NTRK FUSIONS: A pooled analysis of 3 clinical trials (n=50 total subjects) indicated ORR 79% for the NTRK inhibitor larotrectinib, with 16% CR
A pooled analysis of 3 clinical trials (n=50 total subjects) indicated ORR 79% for the NTRK inhibitor larotrectinib, with 16% CR. The drug was well-tolerated. These alterations are enriched in rare histologies and in cancers lacking other driver mutations with low tumour mutational burden. An exception is colorectal cancer where NTRK fusions are correlated with MSI+ disease (as are RET fusions).
Larotrectinib in patients with TRK fusion-positive solid tumours: a pooled analysis of three phase 1/2 clinical trials
Prof David S Hong, et al
The Lancet Oncology VOLUME 21, ISSUE 4, P531-540, APRIL 01, 2020
The selective TRK inhibitor larotrectinib was approved for paediatric and adult patients with advanced TRK fusion-positive solid tumours based on a primary analysis set of 55 patients. The aim of our analysis was to explore the efficacy and long-term safety of larotrectinib in a larger population of patients with TRK fusion-positive solid tumours.
Patients were enrolled and treated in a phase 1 adult, a phase 1/2 paediatric, or a phase 2 adolescent and adult trial. Some eligibility criteria differed between these studies. For this pooled analysis, eligible patients were aged 1 month or older, with a locally advanced or metastatic non-CNS primary, TRK fusion-positive solid tumour, who had received standard therapy previously if available. This analysis set includes the 55 patients on which approval of larotrectinib was based. Larotrectinib was administered orally (capsule or liquid formulation), on a continuous 28-day schedule, to adults mostly at a dose of 100 mg twice daily, and to paediatric patients mostly at a dose of 100 mg/m 2 (maximum of 100 mg) twice daily. The primary endpoint was objective response as assessed by local investigators in an intention-to-treat analysis. Contributing trials are registered with ClinicalTrials.gov, NCT02122913 (active not recruiting), NCT02637687 (recruiting), and NCT02576431 (recruiting).
Between May 1, 2014, and Feb 19, 2019, 159 patients with TRK fusion-positive cancer were enrolled and treated with larotrectinib. Ages ranged from less than 1 month to 84 years. The proportion of patients with an objective response according to investigator assessment was 121 (79%, 95% CI 72–85) of 153 evaluable patients, with 24 (16%) having complete responses. In a safety population of 260 patients treated regardless of TRK fusion status, the most common grade 3 or 4 larotrectinib-related adverse events were increased alanine aminotransferase (eight [3%] of 260 patients), anaemia (six, 2%), and decreased neutrophil count (five [2%]). The most common larotrectinib-related serious adverse events were increased alanine aminotransferase (two [<1%] of 260 patients), increased aspartate aminotransferase (two [<1%]), and nausea (two [<1%]). No treatment-related deaths occurred.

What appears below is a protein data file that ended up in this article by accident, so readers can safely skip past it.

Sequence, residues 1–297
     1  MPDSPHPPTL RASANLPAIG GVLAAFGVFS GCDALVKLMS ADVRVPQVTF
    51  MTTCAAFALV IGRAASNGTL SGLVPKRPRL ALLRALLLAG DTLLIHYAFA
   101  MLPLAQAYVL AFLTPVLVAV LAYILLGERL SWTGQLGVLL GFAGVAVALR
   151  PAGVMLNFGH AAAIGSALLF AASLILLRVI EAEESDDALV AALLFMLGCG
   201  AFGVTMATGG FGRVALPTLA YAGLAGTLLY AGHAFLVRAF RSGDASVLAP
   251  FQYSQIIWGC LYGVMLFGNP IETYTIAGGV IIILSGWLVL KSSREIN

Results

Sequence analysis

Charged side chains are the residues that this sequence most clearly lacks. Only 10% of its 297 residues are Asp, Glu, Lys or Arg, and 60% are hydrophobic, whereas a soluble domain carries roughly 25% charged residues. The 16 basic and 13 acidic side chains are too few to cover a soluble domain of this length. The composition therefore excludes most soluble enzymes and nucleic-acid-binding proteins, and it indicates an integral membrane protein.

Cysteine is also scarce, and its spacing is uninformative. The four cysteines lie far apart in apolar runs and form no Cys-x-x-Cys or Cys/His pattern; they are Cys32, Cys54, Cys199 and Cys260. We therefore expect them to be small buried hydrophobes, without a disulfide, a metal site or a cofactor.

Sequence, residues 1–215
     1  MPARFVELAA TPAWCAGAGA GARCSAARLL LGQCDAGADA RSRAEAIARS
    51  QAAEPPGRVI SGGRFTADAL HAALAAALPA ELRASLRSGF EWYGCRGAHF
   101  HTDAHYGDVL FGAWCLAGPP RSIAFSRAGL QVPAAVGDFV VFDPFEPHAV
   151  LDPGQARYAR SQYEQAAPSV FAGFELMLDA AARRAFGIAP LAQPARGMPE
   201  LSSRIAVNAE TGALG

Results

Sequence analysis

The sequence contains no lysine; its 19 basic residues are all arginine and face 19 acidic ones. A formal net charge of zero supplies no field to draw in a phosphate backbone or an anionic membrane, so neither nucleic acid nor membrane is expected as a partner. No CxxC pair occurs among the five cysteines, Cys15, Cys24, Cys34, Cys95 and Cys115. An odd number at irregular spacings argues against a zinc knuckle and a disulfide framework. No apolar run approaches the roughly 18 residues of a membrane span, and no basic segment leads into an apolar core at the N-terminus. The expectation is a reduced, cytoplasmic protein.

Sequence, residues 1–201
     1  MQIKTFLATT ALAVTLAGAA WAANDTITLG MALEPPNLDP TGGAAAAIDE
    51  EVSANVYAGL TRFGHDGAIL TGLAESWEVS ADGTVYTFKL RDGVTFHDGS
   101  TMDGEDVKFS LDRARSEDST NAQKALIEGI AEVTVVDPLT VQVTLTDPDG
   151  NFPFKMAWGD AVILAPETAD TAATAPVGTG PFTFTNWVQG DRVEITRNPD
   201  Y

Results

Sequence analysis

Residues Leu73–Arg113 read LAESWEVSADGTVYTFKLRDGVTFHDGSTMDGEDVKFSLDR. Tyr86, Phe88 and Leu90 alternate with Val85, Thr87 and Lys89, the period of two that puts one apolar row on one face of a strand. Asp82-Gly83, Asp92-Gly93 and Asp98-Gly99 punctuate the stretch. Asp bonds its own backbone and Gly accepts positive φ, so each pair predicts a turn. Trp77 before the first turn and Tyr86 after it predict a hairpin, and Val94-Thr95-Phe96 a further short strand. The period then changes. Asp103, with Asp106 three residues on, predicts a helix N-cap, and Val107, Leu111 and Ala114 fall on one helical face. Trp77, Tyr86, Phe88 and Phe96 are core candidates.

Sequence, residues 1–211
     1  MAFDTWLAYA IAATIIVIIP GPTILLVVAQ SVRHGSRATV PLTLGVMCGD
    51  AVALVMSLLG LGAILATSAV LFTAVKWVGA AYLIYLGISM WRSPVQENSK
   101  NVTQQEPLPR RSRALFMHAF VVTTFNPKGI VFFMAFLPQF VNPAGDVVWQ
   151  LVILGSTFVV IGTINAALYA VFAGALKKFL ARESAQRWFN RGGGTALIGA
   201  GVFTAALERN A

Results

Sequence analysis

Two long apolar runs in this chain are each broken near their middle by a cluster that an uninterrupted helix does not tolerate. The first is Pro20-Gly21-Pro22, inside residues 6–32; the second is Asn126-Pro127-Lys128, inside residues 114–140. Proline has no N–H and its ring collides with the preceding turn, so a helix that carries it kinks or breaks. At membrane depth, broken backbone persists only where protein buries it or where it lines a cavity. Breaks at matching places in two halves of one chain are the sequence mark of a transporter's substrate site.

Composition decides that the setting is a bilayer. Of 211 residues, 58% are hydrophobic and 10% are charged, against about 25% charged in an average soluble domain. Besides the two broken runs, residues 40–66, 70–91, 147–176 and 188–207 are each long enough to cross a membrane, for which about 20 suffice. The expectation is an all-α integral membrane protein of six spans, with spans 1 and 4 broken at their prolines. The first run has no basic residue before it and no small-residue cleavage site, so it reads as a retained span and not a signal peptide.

These data confirm that TRK fusions define a unique molecular subgroup of advanced solid tumours for which larotrectinib is highly active. Safety data indicate that long-term administration of larotrectinib is feasible.
TRK Fusions Are Enriched in Cancers with Uncommon Histologies and the Absence of Canonical Driver Mutations
Ezra Y. Rosen et al
Clinical Cancer Research DOI: 10.1158/1078-0432.CCR-19-3165 Published April 2020
TRK inhibitors achieve marked tumor-agnostic efficacy in TRK fusion–positive cancers and consequently are now an established standard of care. Little is known, however, about the demographics, outcomes, response to alternative standard therapies, or genomic characteristics of TRK fusion–positive cancers.
Utilizing a center-wide screening program involving more than 26,000 prospectively sequenced patients, genomic and clinical data from all cases with TRK fusions were extracted. An integrated analysis was performed of genomic, therapeutic, and phenomic outcomes.
We identified 76 cases with confirmed TRK fusions (0.28% overall prevalence) involving 48 unique rearrangements and 17 cancer types. The presence of a TRK fusion was associated with depletion of concurrent oncogenic drivers (P < 0.001) and lower tumor mutation burden (P < 0.001), with the exception of colorectal cancer where TRK fusions cooccur with microsatellite instability (MSI-H). Longitudinal profiling in a subset of patients indicated that TRK fusions were present in all sampled timepoints in 82% (14/17) of cases. Progression-free survival on first-line therapy, excluding TRK inhibitors, administered for advanced disease was 9.6 months [95% confidence interval (CI), 4.8–13.2]. The best overall response rate achieved with chemotherapy containing–regimens across all lines of therapy was 63% (95% CI, 41–81). Among 12 patients treated with checkpoint inhibitors, a patient with MSI-H colorectal cancer had the only observed response.
TRK fusion–positive cancers can respond to alternative standards of care, although efficacy of immunotherapy in the absence of other predictive biomarkers (MSI-H) appears limited. TRK fusions are present in tumors with simple genomes lacking in concurrent drivers that may partially explain the tumor-agnostic efficacy of TRK inhibitors.